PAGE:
M.Sc, Structural Biochemistry and Biophysics, University of Strasbourg and Institute of Genetics and Molecular and Cellular Biology (IGBMC), France
Ph.D, Structural Biochemistry and Biophysics, University of Strasbourg and IGBMC, France
Post-Doctoral Fellow, the Spanish National Cancer Research Centre (CNIO)
Senior Research Scientist, Vancouver Prostate Centre
Assistant Professor, Faculty of Medicine, University of British Columbia
Dr. Nada Lallous has a strong knowledge in protein handling and characterization and wide expertise in preclinical validation of novel inhibitors against various cancer targets, acquired during her PhD in structural biochemistry and biophysics and subsequent >10 years of international cancer research experience. She has led projects from inception to structural determination using X-ray crystallography, and contributed to 20 structures currently available in the Protein Data Bank.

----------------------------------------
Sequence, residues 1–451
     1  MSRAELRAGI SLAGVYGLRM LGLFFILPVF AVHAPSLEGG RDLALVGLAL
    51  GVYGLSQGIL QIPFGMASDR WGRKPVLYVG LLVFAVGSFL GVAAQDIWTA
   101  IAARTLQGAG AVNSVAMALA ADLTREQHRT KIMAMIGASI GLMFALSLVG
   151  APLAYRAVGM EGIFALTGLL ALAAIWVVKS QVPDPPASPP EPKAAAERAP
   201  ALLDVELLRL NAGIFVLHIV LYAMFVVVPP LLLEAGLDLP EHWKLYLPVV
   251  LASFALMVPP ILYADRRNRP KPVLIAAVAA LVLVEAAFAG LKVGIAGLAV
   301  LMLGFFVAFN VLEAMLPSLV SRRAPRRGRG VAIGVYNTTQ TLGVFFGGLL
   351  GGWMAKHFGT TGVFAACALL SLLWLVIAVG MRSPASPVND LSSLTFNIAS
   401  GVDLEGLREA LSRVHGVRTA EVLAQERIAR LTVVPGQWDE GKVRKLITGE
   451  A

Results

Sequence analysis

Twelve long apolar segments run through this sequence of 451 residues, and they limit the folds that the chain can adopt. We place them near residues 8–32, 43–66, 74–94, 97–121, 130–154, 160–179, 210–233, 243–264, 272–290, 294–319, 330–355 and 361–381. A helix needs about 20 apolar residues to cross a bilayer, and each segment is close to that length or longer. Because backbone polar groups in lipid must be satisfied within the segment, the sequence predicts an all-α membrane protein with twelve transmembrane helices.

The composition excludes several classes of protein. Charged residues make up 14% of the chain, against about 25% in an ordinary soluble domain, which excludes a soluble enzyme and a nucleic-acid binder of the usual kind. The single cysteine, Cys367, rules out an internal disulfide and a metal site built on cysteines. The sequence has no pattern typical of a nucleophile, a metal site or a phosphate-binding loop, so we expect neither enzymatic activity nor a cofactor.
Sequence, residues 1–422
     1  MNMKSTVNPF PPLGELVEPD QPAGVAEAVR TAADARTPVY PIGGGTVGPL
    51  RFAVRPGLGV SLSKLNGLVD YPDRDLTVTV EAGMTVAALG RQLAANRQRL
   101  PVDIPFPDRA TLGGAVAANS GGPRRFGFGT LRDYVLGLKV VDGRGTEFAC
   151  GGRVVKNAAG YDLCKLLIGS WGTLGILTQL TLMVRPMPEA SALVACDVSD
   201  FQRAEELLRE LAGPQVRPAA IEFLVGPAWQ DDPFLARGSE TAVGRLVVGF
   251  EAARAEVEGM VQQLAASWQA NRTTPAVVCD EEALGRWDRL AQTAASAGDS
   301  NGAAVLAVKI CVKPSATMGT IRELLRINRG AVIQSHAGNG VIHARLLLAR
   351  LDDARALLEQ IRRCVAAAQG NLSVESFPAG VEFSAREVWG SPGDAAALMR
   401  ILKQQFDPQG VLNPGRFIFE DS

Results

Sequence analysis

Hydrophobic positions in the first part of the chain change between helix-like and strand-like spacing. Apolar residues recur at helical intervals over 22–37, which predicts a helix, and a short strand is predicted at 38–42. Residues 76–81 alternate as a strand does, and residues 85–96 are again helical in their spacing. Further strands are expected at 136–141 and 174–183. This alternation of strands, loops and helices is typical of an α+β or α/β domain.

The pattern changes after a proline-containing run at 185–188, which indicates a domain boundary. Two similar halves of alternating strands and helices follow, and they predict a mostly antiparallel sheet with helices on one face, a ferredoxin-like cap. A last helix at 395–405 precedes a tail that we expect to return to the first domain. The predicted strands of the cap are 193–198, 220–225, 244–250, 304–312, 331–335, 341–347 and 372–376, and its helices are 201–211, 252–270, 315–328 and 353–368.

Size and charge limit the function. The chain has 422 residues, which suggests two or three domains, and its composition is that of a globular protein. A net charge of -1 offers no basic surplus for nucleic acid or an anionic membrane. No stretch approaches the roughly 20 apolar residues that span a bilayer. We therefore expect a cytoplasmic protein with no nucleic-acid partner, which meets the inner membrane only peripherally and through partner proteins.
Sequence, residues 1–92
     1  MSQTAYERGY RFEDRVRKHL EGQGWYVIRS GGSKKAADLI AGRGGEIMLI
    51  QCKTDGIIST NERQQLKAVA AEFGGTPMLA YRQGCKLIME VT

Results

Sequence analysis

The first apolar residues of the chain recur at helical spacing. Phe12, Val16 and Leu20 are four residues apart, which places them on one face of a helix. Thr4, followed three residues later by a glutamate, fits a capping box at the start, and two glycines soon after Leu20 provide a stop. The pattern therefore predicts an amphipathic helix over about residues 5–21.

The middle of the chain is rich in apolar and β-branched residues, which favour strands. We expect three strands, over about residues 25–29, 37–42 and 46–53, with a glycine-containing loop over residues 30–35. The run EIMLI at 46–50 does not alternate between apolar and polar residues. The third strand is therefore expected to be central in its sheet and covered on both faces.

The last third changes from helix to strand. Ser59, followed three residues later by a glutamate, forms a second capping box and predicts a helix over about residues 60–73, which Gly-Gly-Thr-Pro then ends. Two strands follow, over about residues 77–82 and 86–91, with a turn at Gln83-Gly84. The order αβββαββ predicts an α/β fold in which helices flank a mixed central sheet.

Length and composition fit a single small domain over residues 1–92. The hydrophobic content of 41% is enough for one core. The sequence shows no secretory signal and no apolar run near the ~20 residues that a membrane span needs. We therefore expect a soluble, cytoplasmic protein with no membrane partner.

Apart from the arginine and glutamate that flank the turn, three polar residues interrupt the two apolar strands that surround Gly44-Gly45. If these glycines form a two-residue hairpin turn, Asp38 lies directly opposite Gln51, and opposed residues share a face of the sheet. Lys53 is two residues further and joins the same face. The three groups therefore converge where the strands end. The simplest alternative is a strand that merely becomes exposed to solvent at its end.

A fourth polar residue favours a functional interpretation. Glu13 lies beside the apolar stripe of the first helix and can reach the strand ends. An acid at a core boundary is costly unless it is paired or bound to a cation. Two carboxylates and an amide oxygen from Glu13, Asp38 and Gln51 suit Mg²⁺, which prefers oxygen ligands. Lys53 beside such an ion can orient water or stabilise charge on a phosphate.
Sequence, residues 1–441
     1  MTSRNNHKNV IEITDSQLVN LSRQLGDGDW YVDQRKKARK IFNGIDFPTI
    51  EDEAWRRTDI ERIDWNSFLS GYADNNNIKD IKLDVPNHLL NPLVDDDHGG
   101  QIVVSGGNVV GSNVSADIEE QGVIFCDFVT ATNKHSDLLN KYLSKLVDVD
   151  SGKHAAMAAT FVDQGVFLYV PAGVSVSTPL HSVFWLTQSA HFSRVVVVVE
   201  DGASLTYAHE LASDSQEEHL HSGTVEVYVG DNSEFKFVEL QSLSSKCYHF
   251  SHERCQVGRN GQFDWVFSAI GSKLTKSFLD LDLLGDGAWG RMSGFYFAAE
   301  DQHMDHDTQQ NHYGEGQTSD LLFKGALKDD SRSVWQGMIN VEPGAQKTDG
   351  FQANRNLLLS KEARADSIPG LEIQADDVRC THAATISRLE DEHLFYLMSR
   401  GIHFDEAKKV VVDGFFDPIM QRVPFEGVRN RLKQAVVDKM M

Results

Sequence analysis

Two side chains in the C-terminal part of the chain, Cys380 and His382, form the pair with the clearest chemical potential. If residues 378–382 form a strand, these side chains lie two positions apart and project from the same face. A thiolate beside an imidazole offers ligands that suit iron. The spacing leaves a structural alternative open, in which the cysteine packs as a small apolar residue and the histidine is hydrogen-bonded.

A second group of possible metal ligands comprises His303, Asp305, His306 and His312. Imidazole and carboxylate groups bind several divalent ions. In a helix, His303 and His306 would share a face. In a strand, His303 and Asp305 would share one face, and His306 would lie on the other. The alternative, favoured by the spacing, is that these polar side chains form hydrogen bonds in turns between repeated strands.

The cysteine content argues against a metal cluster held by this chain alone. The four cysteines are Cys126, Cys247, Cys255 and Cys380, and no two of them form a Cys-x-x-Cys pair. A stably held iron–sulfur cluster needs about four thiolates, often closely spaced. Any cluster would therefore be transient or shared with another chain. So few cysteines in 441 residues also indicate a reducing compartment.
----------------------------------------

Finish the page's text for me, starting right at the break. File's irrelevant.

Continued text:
Dr. Lallous joined the Vancouver Prostate Centre as a post-doctoral fellow in 2012. She was mainly involved in elucidating the function of the Binding Function-3 site (BF3) of the androgen receptor (AR) and showed that inhibitors targeting this co-regulator binding pocket could help in overcoming resistance associated with the traditional treatment of advanced and lethal prostate cancer. She also secured an NIH-SPORE grant from the National Cancer Institute to understand the functionality and drug susceptibility of AR variants identified in patients’ circulating cell free DNA (cfDNA). These resistance-associated AR mutations are critically important for predicting and monitoring the response of patients to therapy and ultimately, for the development of evidence-based precision oncology practices. This latter work has led to five peer-reviewed publications and to successful collaborations with various pharmaceuticals companies.
In 2017, Dr. Lallous was appointed as a Research Scientist at the Vancouver Prostate Centre and an Adjunct Professor, UBC Faculty of Medicine. Currently, Dr. Lallous is the manager of the protein bioengineering and biophysics group at the Vancouver Prostate Centre. She and her team are building a core facility to provide support for scientists in their preclinical drug validation and structural studies.